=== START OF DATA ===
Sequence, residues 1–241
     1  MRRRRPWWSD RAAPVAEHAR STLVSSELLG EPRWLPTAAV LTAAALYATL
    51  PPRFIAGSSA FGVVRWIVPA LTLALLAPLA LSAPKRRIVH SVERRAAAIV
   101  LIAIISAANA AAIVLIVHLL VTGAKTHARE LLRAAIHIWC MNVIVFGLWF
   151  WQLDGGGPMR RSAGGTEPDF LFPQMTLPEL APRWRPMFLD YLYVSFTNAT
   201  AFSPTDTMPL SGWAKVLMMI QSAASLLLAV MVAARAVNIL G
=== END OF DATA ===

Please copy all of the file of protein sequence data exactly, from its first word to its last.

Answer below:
Sequence, residues 1–241
     1  MRRRRPWWSD RAAPVAEHAR STLVSSELLG EPRWLPTAAV LTAAALYATL
    51  PPRFIAGSSA FGVVRWIVPA LTLALLAPLA LSAPKRRIVH SVERRAAAIV
   101  LIAIISAANA AAIVLIVHLL VTGAKTHARE LLRAAIHIWC MNVIVFGLWF
   151  WQLDGGGPMR RSAGGTEPDF LFPQMTLPEL APRWRPMFLD YLYVSFTNAT
   201  AFSPTDTMPL SGWAKVLMMI QSAASLLLAV MVAARAVNIL G